This scripture provides a classic example of the importance of context in understanding the Bible, and the problems that come when we forcibly remove verses or parts of verses from their setting. Taken out of proper context, the words “There is no fear in love” are often quoted as a kind of spiritual “rabbit’s foot” or good luck charm – a mantra suggesting that if we have enough love, we will have no fear.
But if this is the case, real life experience would indicate that none of us has enough love. We can be filled with love for God and fellow humans, but still find we are afraid of heights, or roaring lions, spiders, snakes, or whatever else might cause us fear. The answer is clearly not that we need to love heights or lions more, but that we need to see what exactly the fear is that love casts out. The apostle John gives us the answer if we look at the context in which “there is no fear in love” is found:
“This is how love is made complete among us so that we will have confidence on the day of judgment: In this world we are like Jesus. There is no fear in love. But perfect love drives out fear, because fear has to do with punishment. The one who fears is not made perfect in love” (1 John 4:17-18).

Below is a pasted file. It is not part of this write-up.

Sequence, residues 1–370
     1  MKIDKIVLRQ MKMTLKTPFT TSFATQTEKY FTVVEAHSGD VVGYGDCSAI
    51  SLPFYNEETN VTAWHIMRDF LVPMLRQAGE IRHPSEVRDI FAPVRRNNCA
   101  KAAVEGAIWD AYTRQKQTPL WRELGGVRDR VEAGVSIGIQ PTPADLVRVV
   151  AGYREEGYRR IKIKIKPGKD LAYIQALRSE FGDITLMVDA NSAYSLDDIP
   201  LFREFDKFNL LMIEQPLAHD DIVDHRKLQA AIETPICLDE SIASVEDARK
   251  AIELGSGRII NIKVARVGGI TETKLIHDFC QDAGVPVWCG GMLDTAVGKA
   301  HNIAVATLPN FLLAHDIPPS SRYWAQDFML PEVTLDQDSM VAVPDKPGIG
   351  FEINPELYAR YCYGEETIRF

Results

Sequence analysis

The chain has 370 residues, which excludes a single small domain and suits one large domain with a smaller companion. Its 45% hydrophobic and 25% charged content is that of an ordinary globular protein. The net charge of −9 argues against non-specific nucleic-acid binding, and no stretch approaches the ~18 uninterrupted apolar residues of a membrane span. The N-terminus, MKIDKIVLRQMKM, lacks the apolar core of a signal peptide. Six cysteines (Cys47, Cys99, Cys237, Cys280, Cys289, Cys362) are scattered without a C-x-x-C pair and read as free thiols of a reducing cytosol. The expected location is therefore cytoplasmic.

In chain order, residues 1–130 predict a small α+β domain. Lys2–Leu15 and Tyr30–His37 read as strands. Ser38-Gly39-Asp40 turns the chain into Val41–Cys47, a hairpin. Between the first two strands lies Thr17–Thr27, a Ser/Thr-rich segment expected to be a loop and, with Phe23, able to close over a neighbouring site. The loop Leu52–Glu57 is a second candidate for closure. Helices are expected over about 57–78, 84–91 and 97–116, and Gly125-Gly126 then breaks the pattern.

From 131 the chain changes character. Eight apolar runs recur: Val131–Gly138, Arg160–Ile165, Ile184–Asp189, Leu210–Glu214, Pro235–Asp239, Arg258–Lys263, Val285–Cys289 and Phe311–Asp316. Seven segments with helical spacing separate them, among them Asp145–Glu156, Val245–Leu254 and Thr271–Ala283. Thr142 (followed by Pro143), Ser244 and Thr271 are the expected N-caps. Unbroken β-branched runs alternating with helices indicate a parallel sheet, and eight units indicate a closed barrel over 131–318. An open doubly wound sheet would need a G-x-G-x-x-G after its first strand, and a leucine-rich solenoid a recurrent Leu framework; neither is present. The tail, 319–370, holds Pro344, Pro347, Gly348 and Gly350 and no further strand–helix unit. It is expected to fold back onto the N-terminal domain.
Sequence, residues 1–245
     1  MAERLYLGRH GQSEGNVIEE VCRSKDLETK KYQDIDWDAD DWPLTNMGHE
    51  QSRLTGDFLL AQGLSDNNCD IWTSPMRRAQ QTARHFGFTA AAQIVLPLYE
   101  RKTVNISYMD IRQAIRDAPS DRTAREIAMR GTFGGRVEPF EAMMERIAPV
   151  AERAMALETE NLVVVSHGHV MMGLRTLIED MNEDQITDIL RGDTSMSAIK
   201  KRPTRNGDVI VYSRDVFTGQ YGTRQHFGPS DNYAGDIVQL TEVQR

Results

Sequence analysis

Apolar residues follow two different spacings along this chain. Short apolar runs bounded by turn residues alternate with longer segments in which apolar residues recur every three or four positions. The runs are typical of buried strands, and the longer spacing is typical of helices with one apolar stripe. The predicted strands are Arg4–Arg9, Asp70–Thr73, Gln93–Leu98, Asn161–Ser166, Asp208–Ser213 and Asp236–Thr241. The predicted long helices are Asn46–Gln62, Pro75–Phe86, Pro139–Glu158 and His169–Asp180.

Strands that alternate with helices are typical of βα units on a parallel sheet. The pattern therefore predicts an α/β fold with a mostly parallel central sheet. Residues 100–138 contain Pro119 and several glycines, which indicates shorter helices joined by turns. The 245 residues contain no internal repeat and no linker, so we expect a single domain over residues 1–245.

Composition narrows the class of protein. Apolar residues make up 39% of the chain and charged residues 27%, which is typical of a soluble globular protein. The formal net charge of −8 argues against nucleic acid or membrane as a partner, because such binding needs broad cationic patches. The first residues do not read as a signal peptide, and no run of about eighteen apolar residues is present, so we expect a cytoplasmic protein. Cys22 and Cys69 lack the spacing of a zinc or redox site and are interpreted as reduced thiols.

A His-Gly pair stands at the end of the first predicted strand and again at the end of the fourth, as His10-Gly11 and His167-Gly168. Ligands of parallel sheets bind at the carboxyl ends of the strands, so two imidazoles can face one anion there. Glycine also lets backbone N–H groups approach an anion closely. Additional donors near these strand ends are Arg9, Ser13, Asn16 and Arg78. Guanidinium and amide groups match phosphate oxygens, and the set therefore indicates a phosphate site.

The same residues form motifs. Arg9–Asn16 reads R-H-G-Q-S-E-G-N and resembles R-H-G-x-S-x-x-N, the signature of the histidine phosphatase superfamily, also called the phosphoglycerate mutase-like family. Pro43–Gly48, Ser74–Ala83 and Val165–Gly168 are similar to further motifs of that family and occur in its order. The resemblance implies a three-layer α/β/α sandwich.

The context makes it immediately clear that John is talking about judgment and how we can have confidence on the Day of Judgment (vs. 17). He tells us that in this regard love casts out fear because if we truly love God and others, we will have nothing to fear in judgment. That this is the only fear John is talking about is made doubly clear when we look at the rest of verse 18 – where John tells us “… perfect love drives out fear, because fear has to do with punishment …” It is the fear of judgment and resulting punishment that love cancels out.
Now this understanding of the proper context and meaning of 1 John 4:18 does not leave us without encouragement in the area of fear. A simple word search in a Bible concordance or on a Bible website will show that there are a great many verses affirming that believers need not live lives of fear. We may still be afraid of heights, and maybe even of snakes or roaring lions (Psalm 34:4, 56:3), but many of the psalms show that God’s love for us can help cancel out fear of men (Psalm 27:1), disaster (Psalm (1:5-6), or uncertainty (Psalm 23:4) in our lives.
A wonderful scripture to which we can turn in this regard is 2 Timothy 1:7 that “God gave us a spirit not of fear but of power and love and self-control.” Here, in fact, Paul contrasts an attitude of fear with that of the love that comes from the Spirit of God, a concept that is not so different from the way many people use 1 John 4:18 – but it’s so much better to use a verse that means what we think it means, even when we look at in context.